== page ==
RotoWire Partners

The Wheelhouse: 30/30 - Pitching

Derek VanRiper

Derek is the Director of Media for, where he's been a two-time finalist for the FSWA's Baseball Writer of the Year award, and winner of the Best Football Article on the Web (2009) and Best Baseball Article on the Web (2010) awards. Derek also co-hosts RotoWire's shows on SiriusXM Fantasy Sports Radio (XM 87, Sirius 210).

Fourth place.

In monetary terms, it's nothing more than the first loser in NFBC Main Event leagues.

The final deficit from finishing in the money was 6.5 points a margin that can be quickly accounted for by looking back at the draft board. Digging deeper, there could be a discovery that includes incorrect FAAB bids, valuable players that were missed entirely, or $1 players prioritized in the incorrect order.

Every decision matters. Each and every one of the $1,000 in the FAAB budget are crucial.

You might think that your early-round toss-ups are such that you "can't really go wrong either way," but one path will certainly prove to be more beneficial than the other. Well reasoned analysis isn't infallible - injuries and suspensions wreaked havoc on owners last season - but making a decision with little more than coin-flip logic or a whim will be far more regrettable than having a clear plan.

A certain level of indifference between Clayton Kershaw and Stephen Strasburg going into draft day last season proved to be very costly. Rest assured, that is a type of mistake that I will not make again.

I attribute part of the indifference to groupthink, but that is entirely my own fault and a function of laziness.

ADP reports are valuable tools when utilized properly, but seeing a cluster of players together (which was the case last season with Justin Verlander, Strasburg, and Kershaw spanning from 15.96-16.35) and assuming that there is little or nothing that separates those players in value simply because the masses lump them together is a huge mistake.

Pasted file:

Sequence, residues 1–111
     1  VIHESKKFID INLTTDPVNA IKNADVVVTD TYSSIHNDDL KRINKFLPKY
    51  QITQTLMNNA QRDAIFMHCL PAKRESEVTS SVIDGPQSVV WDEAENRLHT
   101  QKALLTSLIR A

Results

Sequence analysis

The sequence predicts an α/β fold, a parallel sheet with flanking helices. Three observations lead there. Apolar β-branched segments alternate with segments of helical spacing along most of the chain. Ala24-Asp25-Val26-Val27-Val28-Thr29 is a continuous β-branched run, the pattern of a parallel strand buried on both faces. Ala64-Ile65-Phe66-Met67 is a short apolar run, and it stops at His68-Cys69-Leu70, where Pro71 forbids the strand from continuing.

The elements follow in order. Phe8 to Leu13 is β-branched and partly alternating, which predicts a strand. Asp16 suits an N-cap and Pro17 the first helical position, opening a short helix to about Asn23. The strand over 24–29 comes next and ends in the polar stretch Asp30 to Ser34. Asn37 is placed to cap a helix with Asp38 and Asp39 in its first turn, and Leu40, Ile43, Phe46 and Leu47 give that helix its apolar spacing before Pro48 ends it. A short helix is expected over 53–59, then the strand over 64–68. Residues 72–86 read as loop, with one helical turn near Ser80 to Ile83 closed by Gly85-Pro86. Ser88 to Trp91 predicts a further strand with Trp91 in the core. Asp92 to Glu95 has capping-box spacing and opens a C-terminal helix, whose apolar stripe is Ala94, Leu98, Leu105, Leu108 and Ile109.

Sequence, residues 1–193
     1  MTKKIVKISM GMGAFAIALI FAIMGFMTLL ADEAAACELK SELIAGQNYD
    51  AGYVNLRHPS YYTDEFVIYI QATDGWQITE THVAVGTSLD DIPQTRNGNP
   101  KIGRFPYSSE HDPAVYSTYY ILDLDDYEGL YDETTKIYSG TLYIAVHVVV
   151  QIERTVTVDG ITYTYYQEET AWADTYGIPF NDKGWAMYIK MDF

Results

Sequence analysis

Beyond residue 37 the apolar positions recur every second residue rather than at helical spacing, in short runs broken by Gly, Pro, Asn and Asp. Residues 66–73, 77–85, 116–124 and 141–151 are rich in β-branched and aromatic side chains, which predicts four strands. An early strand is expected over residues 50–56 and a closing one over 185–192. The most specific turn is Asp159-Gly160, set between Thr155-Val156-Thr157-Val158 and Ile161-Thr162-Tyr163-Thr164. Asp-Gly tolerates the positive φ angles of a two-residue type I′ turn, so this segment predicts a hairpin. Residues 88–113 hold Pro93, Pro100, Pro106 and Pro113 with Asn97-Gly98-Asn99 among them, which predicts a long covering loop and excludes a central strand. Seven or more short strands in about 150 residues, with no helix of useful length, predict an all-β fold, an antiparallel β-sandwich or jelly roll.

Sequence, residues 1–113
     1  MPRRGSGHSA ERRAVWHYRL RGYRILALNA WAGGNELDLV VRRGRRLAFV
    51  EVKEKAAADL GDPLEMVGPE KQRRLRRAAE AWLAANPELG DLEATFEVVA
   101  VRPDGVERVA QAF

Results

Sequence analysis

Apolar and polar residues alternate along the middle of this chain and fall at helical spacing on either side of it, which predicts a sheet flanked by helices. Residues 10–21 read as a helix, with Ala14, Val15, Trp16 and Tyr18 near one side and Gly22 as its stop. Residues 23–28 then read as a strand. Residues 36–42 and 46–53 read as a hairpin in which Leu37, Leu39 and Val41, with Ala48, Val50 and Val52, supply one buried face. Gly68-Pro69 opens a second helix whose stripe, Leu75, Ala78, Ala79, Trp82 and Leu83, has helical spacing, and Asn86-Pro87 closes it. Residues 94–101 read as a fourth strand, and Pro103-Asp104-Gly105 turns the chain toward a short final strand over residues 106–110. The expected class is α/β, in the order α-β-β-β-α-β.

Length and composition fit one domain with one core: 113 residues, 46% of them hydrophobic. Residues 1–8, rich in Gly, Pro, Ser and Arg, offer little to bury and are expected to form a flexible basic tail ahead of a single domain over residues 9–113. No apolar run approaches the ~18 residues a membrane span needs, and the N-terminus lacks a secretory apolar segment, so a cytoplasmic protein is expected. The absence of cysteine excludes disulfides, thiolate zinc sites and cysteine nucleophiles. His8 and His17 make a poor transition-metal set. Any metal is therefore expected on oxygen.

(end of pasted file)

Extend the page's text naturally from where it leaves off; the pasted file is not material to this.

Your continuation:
My goal for the upcoming season is to block out the noise. I will probably miss some blurry spring training photos and the usual snarky, hashtaggy goodness on Twitter, but I am convinced that being more focused and less susceptible to hearing too many voices will make me a better player.

We are just 233 days away from winning our league championships. For those drafting during the final weekend of March, whether it's for the NFBC Main Event, or a completely different league, there are 49 days left to prepare for our drafts.

Hopefully the next 12 minutes you spend reading this piece will be worth every second.

Among starting pitchers, only Yu Darvish has struck out a greater percentage of the batters he's faced (30.1%) than Max Scherzer (29.0%) over the past two seasons. Scherzer has issued fewer walks during that span, but the big difference between his 2012 season and the Cy Young award-winning effort a year ago came from a huge drop in hits allowed. A quick glance at the batted ball profile doesn't show any overwhelming shifts that explain the change, although his BABIP fell from .333 in 2012 to .259 last season.

There should not be a question focused on whether Scherzer will regress in that category, but instead a focus on how he might have controlled the quality of contact that hitters made against him, and if it's possible that he has changed his baseline in that particular metric. Jeff Sullivan of FanGraphs wrote a piece in late August breaking Scherzer down in further detail and visually illustrating the impact of Scherzer's curveball, a relatively new offering to his arsenal last season.

I highly recommend reading the piece in its entirety because it will help you begin to re-think fluctuations in BABIP. It might also lead you to wonder why there is currently a 10-pick difference in ADP between Darvish and Scherzer.

Yordano Ventura's path into the Kansas City rotation is very clear barring a last-minute decision to bring back Ervin Santana, or one of the other free-agent starting pitchers still floating around on the market. Ventura can touch triple digits with his fastball, but also brings a curveball and improving changeup. Last season between Double-A (57.2 IP) and Triple-A (77 IP), Ventura carried a 155:53 K:BB and allowed just seven homers in 134.2 combined innings before a three-start taste of the big leagues. Lee Warren of was on hand for Ventura's debut at Omaha last season.

Late last season, I noted that Phil Hughes might still have value in the right environment. It doesn't get much better than Target Field in the American League, and his peripherals (19.6% K%, 6.0% BB%) over the past two seasons point to a nice rebound assuming park-driven improvement in his extremely high home-run rate (1.58 HR/9). As it currently lines up, he's not even included as one of the first 100 starting pitchers off the board in early NFBC drafts. A high 3.00's ERA and 1.25 WHIP are within his skill set, and ideal use in mixed formats might be streaming him for those home starts and other good spots in division including road starts at Kansas City and Cleveland.